Alcohol is something you either love or something you hate. One usual explanation is that alcohol can relax you, making you more confident around other people. If this is something you like to feel, you want to keep coming back to it, eventually making you drink more. When you decide to stop drinking, you experience alcohol withdrawal -something no one enjoys.
Drinking moderately is excellent for your heart and circulatory system. It may even protect you from other health risks. Drinking heavily, on the other hand, can cause preventable death in most countries. In the United States alone, half of the fatal traffic accidents are due to intoxicated drivers. On the other hand, heavy drinking could damage your heart and liver or possibly harm an unborn child. It can contribute to your depression and violence, destroy relationships, and even increase your chances of having some form of cancer.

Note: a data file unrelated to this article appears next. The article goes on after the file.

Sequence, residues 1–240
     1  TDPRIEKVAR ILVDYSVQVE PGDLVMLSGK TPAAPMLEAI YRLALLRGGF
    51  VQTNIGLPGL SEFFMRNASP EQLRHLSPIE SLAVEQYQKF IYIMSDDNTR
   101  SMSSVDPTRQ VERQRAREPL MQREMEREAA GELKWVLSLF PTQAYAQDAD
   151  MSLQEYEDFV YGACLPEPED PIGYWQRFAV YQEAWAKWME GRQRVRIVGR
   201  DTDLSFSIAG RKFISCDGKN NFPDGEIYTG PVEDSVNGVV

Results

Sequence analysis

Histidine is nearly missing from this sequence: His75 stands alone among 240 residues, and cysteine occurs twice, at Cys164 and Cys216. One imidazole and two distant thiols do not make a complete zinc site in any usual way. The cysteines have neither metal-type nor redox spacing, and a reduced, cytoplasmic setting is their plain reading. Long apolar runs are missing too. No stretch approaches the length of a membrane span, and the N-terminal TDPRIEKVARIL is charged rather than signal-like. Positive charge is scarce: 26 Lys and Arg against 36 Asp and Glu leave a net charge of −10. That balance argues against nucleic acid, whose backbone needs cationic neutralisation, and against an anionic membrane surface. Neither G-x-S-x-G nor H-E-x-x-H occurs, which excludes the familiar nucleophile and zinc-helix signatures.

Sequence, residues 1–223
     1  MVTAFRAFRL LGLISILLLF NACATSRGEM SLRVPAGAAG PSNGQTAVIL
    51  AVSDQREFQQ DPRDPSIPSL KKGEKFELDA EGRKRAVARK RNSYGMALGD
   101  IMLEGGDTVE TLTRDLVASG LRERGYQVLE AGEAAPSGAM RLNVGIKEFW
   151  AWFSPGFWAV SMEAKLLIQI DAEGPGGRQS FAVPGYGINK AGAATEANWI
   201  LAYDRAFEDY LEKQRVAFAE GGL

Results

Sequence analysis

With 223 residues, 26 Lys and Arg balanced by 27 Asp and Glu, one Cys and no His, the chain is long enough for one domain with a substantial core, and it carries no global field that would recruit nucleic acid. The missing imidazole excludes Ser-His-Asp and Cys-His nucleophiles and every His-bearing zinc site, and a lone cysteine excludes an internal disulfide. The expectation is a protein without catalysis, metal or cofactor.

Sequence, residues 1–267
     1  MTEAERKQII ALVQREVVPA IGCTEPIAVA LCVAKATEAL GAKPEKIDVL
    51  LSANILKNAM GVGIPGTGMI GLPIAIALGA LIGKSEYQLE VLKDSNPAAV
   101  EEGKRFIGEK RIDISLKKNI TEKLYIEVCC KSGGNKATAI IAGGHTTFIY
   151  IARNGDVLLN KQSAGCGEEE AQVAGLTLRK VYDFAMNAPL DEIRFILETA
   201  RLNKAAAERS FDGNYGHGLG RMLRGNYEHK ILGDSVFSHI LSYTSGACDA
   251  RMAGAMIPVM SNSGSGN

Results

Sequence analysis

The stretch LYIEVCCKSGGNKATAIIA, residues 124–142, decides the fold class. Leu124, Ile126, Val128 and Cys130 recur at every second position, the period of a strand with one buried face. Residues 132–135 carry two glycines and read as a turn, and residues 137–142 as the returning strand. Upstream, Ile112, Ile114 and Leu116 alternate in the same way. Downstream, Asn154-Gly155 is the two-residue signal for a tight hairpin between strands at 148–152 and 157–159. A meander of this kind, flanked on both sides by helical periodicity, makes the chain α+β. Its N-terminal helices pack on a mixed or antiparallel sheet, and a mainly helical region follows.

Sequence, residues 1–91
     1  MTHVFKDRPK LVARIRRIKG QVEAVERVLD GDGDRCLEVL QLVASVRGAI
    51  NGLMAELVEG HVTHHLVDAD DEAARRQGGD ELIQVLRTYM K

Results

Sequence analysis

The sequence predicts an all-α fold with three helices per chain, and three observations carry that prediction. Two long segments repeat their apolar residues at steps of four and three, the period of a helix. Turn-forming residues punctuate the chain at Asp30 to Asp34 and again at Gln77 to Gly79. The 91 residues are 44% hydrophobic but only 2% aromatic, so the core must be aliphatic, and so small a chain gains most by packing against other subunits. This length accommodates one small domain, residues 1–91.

Pros And Cons of Drinking Alcohol
Alcohol can have some positive points to it, this includes:
- When done moderately, it reduces your risk of developing and dying due to heart disease;
- If done right, it decreases your chances of ischemic stroke;
- Could lessen your risk of diabetes
Since most things have two sides to them, alcohol has some downsides too. Some already mentioned above:
- Excessive drinking can increase your chances of certain cancers like that of the liver, mouth, throat, and esophagus;
- Sudden death due to cardiovascular disease;
- Pancreatitis, stroke, heart failure
- Stroke, high blood pressure
- Severe injury, brain damage, and even death